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Short implants versus longer implants in vertically augmented atrophic mandibles: A systematic review of randomised controlled trials with a 5-year post-loading follow-up.

Journal article
Authors Marco Esposito
Jacopo Buti
Carlo Barausse
Roberta Gasparro
Gilberto Sammartino
Pietro Felice
Published in International journal of oral implantology (New Malden, London, England)
Volume 12
Issue 3
Pages 267-280
ISSN 2631-6439
Publication year 2019
Published at Institute of Clinical Sciences, Department of Biomaterials
Pages 267-280
Language en
Keywords Alveolar Ridge Augmentation, Dental Implantation, Endosseous, Dental Implants, Dental Prosthesis Design, Dental Prosthesis, Implant-Supported, Dental Restoration Failure, Follow-Up Studies, Humans, Mandible, Randomized Controlled Trials as Topic, Treatment Outcome
Subject categories Biomaterials Science


To compare the clinical outcome of fixed prostheses supported by 4- to 8-mm-long implants with prostheses supported by longer implants placed in vertically augmented atrophic mandibles after a follow-up of 5 years in function.The Cochrane Central Register of Controlled Trials (CENTRAL) and MEDLINE were searched up to 1st September 2018 for randomised controlled trials (RCTs) with a follow-up of at least 5 years in function comparing fixed prostheses supported by 4- to 8-mm-long implants with prostheses supported by longer implants placed in vertically augmented atrophic mandibles. Outcome measures were prosthesis failure, implant failures, augmentation procedure failures, complications, and peri-implant marginal bone level changes. Screening of eligible studies, assessment of the risk of bias and data extraction were conducted in duplicate and independently by two review authors. The statistical unit of the analysis was the prosthesis. Results were expressed as random-effects models using mean differences for continuous outcomes and risk ratios (RR) for dichotomous outcomes with 95% confidence intervals (CIs).Four eligible RCTs that included originally 135 patients were included. Two RCTs had a parallel-group design and two a split-mouth design. Short implants were 5.0 to 6.6 mm long and were compared with longer implants placed in posterior mandibles augmented with interpositional blocks of bone substitutes. All trials were judged at unclear risk of bias. Twelve (14%) bone augmentation procedures failed to achieve the planned bone height to allow placement of implants with the planned length. Five years after loading, 28 patients (21%) had dropped out from the four RCTs. There were no differences for patients having prosthesis (RR = 1.46; 95% CI: 0.52 to 4.09; P = 0.47; I2 = 0%) or implant (RR = 1.00; 95% CI: 0.31 to 3.21; P = 1.00; I2 = 0%) failures between the two interventions, but there were more patients experiencing complications (RR = 4.72; 95% CI: 2.43 to 9.17; P < 0.00001; I2 = 0%) and peri-implant marginal bone loss (mean difference = 0.60 mm; 95% CI: 0.36 to 0.83; P < 0.00001; I2 = 45%) at longer implants in augmented bone.Five years after loading, prosthetic and implant failures were similar between the two interventions, but complications and peri-implant marginal bone loss were higher and more severe at longer implants placed in vertically augmented mandibles. Larger trials and longer follow-ups up to 10 years after loading are needed to confirm or reject the present preliminary findings. However in the meantime short implants could be the preferable option.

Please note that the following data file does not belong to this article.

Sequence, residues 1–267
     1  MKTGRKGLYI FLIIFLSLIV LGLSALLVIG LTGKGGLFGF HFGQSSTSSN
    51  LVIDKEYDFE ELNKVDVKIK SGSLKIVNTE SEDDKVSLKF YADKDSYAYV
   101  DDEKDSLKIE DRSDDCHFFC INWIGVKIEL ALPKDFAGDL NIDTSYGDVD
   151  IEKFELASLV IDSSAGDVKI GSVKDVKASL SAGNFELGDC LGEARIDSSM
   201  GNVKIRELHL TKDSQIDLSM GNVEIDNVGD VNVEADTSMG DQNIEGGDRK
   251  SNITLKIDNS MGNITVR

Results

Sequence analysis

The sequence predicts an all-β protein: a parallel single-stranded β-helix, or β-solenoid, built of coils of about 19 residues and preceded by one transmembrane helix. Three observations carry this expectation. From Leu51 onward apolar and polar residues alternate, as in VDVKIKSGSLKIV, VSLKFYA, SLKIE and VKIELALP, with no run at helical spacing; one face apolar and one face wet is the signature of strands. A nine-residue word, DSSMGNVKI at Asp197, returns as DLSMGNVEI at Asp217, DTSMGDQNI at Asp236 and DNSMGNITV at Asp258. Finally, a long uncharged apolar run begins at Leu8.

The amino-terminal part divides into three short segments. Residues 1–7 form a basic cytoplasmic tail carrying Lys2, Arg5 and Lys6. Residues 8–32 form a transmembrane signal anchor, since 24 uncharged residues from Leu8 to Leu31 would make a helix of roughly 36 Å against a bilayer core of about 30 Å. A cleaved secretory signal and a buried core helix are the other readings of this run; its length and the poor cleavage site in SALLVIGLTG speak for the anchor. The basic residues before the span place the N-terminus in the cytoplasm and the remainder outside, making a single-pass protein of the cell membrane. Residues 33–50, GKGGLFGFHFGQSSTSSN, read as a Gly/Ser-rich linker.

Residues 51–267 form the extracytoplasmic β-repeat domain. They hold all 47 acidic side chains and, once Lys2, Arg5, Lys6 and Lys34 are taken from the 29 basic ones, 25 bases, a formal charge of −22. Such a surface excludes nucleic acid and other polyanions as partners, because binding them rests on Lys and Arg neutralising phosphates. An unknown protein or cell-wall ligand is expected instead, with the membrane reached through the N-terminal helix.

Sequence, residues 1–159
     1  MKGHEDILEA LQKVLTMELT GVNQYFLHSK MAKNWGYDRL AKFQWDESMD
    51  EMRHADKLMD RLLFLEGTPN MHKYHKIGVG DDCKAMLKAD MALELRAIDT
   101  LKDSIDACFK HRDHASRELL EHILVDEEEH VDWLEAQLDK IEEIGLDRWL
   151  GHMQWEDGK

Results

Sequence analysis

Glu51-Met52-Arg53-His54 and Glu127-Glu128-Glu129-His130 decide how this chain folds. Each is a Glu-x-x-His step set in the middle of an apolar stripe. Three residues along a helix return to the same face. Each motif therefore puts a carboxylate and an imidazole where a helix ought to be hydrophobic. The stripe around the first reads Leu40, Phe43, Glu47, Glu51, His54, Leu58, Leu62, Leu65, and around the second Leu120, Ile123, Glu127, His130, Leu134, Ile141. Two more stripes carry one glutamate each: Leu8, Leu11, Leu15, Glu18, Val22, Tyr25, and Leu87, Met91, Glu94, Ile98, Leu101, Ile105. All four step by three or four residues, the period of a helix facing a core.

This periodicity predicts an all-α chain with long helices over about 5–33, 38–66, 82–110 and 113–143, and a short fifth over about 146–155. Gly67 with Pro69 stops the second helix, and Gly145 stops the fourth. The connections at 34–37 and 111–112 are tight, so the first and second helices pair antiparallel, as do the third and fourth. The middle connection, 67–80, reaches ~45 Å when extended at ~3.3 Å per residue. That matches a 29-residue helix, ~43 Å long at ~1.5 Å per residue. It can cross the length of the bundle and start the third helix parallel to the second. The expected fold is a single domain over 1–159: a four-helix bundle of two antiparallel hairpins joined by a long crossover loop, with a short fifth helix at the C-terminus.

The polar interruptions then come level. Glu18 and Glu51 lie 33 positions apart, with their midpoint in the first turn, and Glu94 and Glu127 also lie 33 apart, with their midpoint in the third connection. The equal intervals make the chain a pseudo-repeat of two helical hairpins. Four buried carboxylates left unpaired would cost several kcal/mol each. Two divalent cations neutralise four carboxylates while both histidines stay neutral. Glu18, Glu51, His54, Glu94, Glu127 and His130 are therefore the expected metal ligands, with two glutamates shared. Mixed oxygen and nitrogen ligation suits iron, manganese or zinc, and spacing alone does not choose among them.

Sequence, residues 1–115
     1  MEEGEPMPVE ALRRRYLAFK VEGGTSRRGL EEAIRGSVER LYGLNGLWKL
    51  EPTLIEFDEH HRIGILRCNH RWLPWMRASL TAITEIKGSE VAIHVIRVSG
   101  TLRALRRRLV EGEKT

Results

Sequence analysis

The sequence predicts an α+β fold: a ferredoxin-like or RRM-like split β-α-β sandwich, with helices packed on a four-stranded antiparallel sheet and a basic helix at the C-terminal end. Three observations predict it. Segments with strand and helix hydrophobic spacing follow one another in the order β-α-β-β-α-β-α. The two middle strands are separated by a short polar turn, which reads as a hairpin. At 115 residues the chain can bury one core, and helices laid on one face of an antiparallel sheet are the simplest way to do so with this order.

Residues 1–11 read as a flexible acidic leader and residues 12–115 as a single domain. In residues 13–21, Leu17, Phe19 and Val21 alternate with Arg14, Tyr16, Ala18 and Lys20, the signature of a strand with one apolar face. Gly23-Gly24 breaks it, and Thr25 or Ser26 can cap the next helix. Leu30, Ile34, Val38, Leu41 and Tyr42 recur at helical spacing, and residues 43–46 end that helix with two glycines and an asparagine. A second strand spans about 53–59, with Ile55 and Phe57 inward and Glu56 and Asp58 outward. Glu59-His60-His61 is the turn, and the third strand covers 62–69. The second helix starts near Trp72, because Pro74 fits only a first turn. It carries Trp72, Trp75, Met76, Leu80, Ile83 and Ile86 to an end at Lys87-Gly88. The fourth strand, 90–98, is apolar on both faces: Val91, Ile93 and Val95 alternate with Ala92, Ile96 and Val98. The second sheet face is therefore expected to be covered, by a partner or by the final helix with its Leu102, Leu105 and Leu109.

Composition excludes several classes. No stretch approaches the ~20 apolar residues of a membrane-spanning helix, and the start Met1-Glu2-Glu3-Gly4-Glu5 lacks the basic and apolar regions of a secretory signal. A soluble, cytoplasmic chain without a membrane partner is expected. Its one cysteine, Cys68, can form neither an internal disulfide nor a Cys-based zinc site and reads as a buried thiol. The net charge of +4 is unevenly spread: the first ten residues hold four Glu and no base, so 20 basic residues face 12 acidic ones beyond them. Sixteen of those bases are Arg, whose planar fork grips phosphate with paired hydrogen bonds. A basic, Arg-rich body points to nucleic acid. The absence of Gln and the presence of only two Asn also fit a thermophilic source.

Page Manager: Webmaster|Last update: 9/11/2012

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